After spending a month away from home, Rafael Nadal has returned to Spain and landed at Barcelona airport. The 21-time Grand Slam winner lost the Indian Wells title on Sunday to Taylor Fritz, losing his first match of the season and heading home for a well-earned break.
Asked about his condition at the airport, Rafa said that he is fine. The 35-year-old has had an incredible start to the season, winning the first 20 matches and lifting three titles from four finals. With these points, Rafa is back in the top three for the first time since August last year, and he hopes to have more good runs on his beloved clay in the coming months.
Rafa struggled with a pectoral muscle injury in Indian Wells, which prevented him from performing at his best against Fritz. The first-time Masters 1000 finalist defeated Nadal 6-3, 7-6 in two hours and six moments, in the most significant moment of his young career.
Like Rafa, Taylor was also far from his best, dealing with an ankle injury but deciding to play and give his best against the legend. The American was the most determined player on court, taking advantage of Nadal making too many unforced errors after struggling to breathe or move properly.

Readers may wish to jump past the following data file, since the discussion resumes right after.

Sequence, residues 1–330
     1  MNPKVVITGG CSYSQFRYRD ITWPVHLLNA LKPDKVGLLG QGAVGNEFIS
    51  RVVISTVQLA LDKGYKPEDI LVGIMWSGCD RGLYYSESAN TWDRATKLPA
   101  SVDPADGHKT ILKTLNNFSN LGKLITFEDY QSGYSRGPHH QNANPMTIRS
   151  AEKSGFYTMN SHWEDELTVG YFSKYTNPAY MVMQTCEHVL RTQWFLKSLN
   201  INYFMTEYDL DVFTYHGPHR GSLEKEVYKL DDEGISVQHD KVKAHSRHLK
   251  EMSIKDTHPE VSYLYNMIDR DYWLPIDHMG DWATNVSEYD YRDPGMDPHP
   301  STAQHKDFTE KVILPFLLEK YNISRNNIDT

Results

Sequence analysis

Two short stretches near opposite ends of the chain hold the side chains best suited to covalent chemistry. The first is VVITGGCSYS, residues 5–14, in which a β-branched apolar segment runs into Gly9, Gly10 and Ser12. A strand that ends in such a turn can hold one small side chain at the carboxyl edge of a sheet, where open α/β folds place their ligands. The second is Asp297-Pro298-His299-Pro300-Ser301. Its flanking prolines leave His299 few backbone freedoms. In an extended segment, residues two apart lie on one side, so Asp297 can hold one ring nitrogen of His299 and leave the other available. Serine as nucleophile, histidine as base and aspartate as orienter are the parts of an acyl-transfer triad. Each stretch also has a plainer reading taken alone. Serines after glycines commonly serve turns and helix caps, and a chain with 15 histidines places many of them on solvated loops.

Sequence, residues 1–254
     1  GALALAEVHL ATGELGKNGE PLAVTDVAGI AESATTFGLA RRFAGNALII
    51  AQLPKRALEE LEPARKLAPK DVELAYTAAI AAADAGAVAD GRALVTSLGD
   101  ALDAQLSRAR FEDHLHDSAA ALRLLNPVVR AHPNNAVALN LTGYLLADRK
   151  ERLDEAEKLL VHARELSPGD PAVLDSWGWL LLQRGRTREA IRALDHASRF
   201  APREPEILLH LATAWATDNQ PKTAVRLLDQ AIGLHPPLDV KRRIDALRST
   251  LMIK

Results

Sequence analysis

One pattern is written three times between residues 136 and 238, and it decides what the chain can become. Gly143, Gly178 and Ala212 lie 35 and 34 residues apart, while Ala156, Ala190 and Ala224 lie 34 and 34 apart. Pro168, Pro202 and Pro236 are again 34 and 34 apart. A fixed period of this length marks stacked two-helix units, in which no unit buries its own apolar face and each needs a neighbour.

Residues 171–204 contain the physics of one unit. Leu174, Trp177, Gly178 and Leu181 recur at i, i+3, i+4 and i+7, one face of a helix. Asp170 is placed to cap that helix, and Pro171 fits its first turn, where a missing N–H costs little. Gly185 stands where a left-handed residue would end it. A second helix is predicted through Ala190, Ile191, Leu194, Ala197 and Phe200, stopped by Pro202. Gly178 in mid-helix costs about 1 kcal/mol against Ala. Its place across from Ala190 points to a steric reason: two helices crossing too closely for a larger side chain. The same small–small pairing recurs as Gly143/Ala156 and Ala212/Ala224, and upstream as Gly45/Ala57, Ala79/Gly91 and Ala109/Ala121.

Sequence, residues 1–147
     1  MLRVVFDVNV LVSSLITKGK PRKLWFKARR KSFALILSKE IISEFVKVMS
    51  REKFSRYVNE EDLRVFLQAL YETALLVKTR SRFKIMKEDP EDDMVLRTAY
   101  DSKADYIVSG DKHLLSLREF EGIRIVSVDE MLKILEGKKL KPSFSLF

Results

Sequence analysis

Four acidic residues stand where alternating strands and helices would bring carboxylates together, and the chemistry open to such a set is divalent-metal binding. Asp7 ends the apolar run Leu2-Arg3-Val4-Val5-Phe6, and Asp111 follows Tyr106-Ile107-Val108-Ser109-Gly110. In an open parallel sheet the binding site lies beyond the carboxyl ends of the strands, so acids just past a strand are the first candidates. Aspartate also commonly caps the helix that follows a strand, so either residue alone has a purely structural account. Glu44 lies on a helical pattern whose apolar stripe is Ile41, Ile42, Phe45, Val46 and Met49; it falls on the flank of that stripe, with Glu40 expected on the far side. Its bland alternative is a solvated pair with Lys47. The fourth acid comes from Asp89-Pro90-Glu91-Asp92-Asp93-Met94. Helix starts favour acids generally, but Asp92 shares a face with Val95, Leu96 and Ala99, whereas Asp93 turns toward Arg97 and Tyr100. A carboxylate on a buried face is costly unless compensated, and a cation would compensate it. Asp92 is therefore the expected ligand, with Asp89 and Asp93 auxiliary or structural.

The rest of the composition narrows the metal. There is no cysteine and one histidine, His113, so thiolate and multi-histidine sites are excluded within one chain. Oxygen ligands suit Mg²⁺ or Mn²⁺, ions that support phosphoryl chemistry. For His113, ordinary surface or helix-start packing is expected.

Taylor saved eight out of ten break points and made the difference with four breaks of serve and better performance in the crucial moments. Fritz got off to a great start and broke Nadal in games two and four for a 4-0 lead in a quick 19 minutes.
The American served for the opening set at 5-2 as the Spaniard got his first break and prolonged the action.
Corretja pays tribute to Nadal
Alex Corretja recently gave his thoughts on the GOAT debate, asserting that Roger Federer should not be left out of the discussion simply because of his poor head-to-head record against Novak Djokovic and Rafael Nadal.
"When people say Roger Federer has lost against Novak Djokovic and Rafael Nadal more times and that's why he can't be the best in history, it's absurd to me," Corretja said. "Because of their [contrasting] style of play, Nadal is obviously going to do a lot of damage to him." Corretja reckons that since Nadal can target Federer's backhand relentlessly with his top-spin forehand, it was only natural for the Swiss to struggle in their encounters.
"The only tactical mole that hurts him is the backhand high ball and the best shot in history is Rafa's high cross forehand to the opponent's backhand," Corretja said. "The best of one is combined with the only weak point of the other."